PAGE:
Inland Rainforest

The same maritime air masses that create the coastal rainforest of the Pacific Northwest of North America are responsible for a second rainforest, located far to the interior. These moist air masses, having deposited rain on the west coast, continue to move east and rise up again over a second, higher mountain range the Rocky Mountains. On the western flanks of the Rockies they deposit rain in the summer and snow in the winter. These low to mid-elevation forests are kept moist through the summer not only by rain, but also by groundwater from melting snow at higher elevations.

The inland rainforest phenomenon stretches from northern Idaho, Washington and Montana (about 46 N latitude) to about 54 N in central British Columbia, but here we focus on the portion that is north of about 5030' N the coolest, wettest portion, where the expression of the phenomenon is most pronounced. Because of the wet climate and moist soils, lightning strikes more often result in small canopy gaps than in large, stand-destroying fires. Some stands get very old and the trees become very large, especially on moist, productive sites at the base of slopes.

Mist blowing through western hemlock trees at the Ancient Forest Trail nourishes rich canopy lichen communities. Forest floor soils are covered with Devil's Club shoots (foreground).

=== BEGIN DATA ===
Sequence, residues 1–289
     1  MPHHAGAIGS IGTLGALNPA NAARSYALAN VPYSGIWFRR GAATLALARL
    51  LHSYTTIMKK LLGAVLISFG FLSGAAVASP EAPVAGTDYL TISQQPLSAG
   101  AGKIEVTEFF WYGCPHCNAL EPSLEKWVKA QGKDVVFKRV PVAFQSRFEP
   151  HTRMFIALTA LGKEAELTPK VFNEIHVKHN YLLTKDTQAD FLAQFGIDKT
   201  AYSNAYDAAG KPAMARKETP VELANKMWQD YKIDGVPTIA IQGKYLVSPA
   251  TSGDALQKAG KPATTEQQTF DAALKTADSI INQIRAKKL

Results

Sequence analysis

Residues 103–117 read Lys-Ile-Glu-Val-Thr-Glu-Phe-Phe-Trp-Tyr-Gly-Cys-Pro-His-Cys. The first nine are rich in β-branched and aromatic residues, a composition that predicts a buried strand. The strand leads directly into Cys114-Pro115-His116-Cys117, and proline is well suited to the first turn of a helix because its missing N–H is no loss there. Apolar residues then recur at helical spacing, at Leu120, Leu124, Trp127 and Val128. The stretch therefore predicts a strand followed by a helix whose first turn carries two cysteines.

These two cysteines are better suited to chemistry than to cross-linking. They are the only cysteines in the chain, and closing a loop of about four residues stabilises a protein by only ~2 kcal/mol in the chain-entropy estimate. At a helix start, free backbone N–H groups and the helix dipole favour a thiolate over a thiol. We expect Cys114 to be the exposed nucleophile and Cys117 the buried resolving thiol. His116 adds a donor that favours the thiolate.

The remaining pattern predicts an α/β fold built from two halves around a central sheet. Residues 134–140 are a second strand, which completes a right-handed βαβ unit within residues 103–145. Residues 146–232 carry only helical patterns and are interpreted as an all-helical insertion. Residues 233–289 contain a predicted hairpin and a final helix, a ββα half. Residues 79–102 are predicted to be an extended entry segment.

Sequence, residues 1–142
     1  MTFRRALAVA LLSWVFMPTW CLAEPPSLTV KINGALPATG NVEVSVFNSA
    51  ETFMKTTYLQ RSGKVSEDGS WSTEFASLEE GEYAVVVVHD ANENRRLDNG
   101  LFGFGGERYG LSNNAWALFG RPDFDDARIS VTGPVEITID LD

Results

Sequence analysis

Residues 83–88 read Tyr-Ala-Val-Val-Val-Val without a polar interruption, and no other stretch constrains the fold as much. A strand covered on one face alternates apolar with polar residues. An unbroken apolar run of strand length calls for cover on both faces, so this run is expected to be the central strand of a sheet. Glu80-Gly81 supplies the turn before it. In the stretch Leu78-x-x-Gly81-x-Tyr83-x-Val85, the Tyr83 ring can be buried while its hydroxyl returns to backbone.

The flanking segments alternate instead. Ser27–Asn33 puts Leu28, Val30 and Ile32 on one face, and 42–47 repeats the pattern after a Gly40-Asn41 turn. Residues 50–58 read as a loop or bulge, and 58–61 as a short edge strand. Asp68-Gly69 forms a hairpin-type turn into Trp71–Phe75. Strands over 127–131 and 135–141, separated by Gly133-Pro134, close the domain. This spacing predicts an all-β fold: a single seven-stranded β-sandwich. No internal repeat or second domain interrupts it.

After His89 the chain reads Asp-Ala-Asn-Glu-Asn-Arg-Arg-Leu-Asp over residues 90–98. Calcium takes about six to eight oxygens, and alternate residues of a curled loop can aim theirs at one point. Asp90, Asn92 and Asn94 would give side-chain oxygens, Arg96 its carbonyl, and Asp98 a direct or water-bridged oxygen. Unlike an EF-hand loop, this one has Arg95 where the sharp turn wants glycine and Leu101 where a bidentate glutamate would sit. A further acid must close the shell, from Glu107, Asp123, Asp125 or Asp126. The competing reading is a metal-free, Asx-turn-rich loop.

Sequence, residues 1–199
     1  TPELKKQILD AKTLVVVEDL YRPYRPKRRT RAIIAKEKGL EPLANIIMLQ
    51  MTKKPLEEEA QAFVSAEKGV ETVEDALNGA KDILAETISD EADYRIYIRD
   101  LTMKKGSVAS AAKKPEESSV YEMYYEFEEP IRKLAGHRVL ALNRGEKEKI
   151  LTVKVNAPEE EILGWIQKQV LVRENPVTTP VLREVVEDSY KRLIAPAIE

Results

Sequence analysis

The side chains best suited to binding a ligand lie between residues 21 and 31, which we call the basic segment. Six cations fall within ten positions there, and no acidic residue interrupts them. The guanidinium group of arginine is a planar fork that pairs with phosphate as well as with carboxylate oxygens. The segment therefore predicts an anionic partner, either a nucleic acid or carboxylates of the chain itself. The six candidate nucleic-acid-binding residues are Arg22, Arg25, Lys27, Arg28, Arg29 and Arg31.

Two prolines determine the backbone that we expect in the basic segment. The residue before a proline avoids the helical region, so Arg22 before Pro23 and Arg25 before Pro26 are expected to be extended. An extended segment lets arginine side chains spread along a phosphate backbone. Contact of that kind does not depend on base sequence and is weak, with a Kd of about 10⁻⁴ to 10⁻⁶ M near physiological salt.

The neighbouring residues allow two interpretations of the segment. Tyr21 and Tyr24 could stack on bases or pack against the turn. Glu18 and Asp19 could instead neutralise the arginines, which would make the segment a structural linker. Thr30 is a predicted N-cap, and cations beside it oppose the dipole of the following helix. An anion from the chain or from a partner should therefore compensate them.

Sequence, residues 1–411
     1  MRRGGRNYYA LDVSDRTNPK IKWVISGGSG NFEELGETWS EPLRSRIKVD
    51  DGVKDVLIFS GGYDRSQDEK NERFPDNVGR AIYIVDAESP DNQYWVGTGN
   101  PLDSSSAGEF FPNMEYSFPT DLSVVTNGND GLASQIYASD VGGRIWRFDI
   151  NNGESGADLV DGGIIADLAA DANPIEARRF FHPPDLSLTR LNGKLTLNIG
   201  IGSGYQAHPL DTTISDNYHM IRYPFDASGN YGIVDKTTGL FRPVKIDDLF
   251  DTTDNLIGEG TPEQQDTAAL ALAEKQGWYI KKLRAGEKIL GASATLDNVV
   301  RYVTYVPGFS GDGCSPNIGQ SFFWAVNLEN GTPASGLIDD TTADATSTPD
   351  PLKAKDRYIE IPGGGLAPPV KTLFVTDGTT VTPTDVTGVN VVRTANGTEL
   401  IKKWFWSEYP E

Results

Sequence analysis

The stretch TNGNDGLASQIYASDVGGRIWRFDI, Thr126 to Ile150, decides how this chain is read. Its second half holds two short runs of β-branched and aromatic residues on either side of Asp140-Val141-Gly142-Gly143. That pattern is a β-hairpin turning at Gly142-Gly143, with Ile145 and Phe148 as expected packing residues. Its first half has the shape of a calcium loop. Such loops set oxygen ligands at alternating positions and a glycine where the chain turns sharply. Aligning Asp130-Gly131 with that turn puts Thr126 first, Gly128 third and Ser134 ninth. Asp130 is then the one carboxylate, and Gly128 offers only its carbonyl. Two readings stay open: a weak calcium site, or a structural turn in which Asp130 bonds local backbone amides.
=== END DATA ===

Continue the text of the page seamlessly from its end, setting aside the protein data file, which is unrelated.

The inland rainforest, generally dominated by western redcedar and western hemlock, is made up of a peculiar combination of interior and coastal elements. Here you can find the mountain caribou, a distinctively interior animal, in the same stand as the netted specklebelly (Pseudocyphellaria anomala), one of many coastal lichen species that also occur in the inland rainforest. And coastal elements also make their way into the inland rainforest when salmon that spend most of their lives in the ocean swim upriver to inland rainforest streams to spawn and die. Some species groups, such as stubble lichens, reach their highest levels of diversity in the inland rainforest. This may be, at least in part, because the favourable reflective light conditions created by the snowpack last so much longer in the inland rainforest than in the coastal rainforest.

Globally, temperate rainforests are rare, and the inland rainforest may be unique. A few hundred years ago, tropical rainforests covered about 11% of the land area of the earth, but temperate rainforests covered only about 0.3%. More than 98% of the temperate rainforest area was coastal. Today, less than half of the earth's temperate rainforest mostly in western North America, Chile and Argentina, New Zealand, and Tasmania -- remains in a naturally forested condition.

For more information on the northern portion of the inland rainforest, see British Columbia's Inland Rainforest: Ecology, Conservation and Management

For more information on temperate rainforests of the world, see Temperate and Boreal Rainforests of the World


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Deep snowpack blankets inland rainforest stands in the winter period, providing vital groundwater recharge as it melts during the spring. Image from the Ancient Forest Trail.

Netted specklebelly (Pseudocyphellaria anomala) grows in both coastal and inland temperate rainforests of British Columbia.

The University of Northern British Columbia